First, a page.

Finding out how people are affected and fighting back at a local level was a goal of the
Green Blood series on the threats posed to environmental activists and journalists who cover the mining sector. This has made a difference. Soon after the findings were published by the Guardian and its 35 partner media organisations, Guatemala’s constitutional court upheld a request from indigenous campaigners to suspend operations at one of the largest nickel mines in Central America due to the facility’s environmental impact.

Similarly, reports of human rights abuses and environmental negligence at the North Mara goldmine in Tanzania prompted multinational corporations such as Apple, Nokia and Canon to review their supply chains. The refiner, MMTC-PAMP, and the mine’s owner, Barrick, have subsequently organised an inquiry into risk management practices at North Mara. The Guardian continues to scrutinise the operator’s promise to pay more heed to the concerns of the local community and environment.

Similarly, the Defenders series on the killings of environmental and land activists continues to have ramifications. In the past two years, two of those profiled have won landmark lawsuits. In South Africa, courts ruled against a proposed titanium mine that would have torn up land belonging to the Xolobeni community on the Wild Coast. In Kenya, judges awarded $12m in damages to the residents of the Owino Uhuru shantytown for deaths and health impacts from a nearby lead smelter for recycling batteries.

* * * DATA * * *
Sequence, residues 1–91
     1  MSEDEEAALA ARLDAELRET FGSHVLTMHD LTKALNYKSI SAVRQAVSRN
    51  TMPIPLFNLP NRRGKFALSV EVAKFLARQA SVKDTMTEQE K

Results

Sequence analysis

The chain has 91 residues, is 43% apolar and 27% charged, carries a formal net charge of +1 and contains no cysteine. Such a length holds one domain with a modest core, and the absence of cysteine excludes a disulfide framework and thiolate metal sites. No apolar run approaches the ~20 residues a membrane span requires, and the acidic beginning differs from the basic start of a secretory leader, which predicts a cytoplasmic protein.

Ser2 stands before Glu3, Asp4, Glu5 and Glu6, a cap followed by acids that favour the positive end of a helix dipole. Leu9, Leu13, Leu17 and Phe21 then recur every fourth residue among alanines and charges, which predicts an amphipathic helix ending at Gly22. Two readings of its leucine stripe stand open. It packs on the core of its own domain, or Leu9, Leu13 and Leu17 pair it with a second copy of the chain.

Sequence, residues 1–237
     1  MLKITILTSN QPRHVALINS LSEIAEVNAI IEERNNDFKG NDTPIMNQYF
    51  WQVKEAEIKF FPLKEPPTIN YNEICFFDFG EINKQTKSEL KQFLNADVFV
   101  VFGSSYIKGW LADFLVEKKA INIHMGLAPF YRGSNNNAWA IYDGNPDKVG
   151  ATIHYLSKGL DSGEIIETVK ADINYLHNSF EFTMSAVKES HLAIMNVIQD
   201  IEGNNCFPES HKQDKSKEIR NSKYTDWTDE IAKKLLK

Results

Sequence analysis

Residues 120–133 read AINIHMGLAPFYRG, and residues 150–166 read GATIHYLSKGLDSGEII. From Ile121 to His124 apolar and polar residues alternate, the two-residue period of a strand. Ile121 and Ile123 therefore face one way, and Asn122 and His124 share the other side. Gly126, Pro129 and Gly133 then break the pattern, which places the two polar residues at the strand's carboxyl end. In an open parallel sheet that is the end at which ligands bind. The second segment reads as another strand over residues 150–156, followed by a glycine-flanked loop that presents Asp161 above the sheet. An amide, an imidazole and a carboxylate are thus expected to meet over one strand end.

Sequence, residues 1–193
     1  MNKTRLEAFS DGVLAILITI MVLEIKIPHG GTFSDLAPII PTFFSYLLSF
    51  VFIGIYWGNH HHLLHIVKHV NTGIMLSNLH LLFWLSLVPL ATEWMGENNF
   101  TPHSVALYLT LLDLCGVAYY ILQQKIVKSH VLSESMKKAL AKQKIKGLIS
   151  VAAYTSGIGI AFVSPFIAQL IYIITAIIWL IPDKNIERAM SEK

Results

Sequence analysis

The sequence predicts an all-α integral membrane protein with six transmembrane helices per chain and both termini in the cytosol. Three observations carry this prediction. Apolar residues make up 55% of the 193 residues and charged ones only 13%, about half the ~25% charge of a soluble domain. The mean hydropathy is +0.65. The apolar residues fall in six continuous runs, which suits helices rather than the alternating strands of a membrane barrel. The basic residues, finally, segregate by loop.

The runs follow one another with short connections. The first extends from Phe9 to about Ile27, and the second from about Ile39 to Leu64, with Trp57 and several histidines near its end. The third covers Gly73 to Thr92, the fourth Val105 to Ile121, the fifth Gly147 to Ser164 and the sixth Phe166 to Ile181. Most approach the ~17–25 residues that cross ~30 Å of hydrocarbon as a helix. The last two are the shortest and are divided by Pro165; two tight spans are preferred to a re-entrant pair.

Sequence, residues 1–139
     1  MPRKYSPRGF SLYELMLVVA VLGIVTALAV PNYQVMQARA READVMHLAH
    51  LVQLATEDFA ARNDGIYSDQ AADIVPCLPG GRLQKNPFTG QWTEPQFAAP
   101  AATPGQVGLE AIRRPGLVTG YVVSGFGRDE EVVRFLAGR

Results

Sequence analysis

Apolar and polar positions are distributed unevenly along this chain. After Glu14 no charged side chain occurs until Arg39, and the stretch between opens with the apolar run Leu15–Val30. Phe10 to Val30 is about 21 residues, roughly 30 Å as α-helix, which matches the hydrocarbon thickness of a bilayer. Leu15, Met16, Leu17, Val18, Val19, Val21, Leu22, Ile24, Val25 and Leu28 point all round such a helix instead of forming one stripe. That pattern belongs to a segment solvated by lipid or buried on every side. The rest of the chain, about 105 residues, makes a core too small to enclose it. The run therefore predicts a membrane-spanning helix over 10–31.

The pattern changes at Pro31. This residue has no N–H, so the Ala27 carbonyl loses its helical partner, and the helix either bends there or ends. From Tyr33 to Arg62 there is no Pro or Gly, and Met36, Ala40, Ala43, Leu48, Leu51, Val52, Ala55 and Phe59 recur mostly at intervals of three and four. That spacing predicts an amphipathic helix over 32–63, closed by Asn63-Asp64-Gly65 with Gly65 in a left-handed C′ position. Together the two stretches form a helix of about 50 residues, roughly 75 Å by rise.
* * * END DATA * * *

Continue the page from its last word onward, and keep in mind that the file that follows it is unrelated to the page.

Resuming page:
Villagers leaving a protest meeting in Xolobeni, South Africa, which eventually won a court ruling against a massive titanium mining project.

In both cases, local activists risked their lives to campaign against powerful economic interests because they were concerned about pollution and other forms of environmental degradation. Media coverage did not decide their cases. But without the international spotlight, their courage and determination would not have received the kind of prominence that can sway opinion.

A recent case in point concerned Chinese mining company plans to explore coal deposits in Zimbabwe’s Hwange national park. Local conservationists were keen to get the message out internationally because domestic reports suggested the government was ready to put economic interests above the sanctity of one of the world’s most important homes for elephants, rhinos, cheetahs, giraffes and other wildlife. It worked. Days after stories were published in the Guardian and other media, the authorities announced they would block the plan.